Chronic pain affects approximately one-third of Americans, and resistance to analgesics such as the opiates is a clinical problem in need of new therapeutic strategies. Recent studies have suggested that pathogenic processes in the spinal cord have a role in the development of opiate tolerance. Specifically, nitric oxide and peroxinitrite production and neuronal apoptosis have been linked to neuroimmune activation of glial cells and proinflammatory cytokine production during the development of long-term morphine treatment and development of tolerance. In this issue, Ndengele et al., describe a detailed mechanistic work on the role of ceramides in the mechanism of morphine tolerance. The authors examined the role of ceramide on the development of tolerance using inhibitors of de novo and sphingomyelinase pathways of ceramide biosynthesis. For example, an inhibitor of ceramide synthase blocked tolerance induction and nitration-dependent inactivation of manganese superoxide dismutase. The authors showed that nuclear factor κB activation is involved in tolerance, presumably through ceramide/peroxynitrite pathways, and that the ceramide synthase inhibitor also blocked these effects. The results define for the first time a role for ceramide in the development of antinociceptive tolerance and suggest that inhibitors of ceramide metabolism might be useful in the management of pain.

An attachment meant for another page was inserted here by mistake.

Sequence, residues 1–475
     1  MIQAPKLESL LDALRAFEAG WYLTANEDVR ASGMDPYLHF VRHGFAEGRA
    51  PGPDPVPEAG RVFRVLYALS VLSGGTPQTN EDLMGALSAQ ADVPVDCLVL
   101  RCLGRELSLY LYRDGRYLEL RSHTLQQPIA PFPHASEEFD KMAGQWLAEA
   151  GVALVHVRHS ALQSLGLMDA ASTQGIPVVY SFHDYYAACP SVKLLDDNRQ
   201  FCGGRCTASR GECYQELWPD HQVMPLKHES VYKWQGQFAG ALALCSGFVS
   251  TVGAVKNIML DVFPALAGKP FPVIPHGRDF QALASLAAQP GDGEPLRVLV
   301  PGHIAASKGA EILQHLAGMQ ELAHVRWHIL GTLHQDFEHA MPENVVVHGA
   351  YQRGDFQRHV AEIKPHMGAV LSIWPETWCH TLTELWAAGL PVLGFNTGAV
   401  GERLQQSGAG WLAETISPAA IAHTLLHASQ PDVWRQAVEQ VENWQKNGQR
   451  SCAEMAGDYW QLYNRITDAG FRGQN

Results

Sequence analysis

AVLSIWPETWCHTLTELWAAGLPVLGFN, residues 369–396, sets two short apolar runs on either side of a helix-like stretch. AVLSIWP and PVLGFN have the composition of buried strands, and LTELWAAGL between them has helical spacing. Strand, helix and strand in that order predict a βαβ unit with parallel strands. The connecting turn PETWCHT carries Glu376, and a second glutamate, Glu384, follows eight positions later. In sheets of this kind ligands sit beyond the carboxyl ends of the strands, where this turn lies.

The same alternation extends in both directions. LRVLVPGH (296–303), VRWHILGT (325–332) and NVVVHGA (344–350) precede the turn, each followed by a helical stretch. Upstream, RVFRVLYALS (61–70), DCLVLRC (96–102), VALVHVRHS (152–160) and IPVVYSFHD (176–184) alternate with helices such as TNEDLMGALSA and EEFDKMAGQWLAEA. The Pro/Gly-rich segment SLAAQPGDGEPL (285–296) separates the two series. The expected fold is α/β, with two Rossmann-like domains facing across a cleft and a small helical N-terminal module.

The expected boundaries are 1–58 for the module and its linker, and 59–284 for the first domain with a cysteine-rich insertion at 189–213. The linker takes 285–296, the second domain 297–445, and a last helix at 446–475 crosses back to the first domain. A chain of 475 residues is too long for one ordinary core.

See article at J Pharmacol Exp Ther 2009, 329:64-75.
- The American Society for Pharmacology and Experimental Therapeutics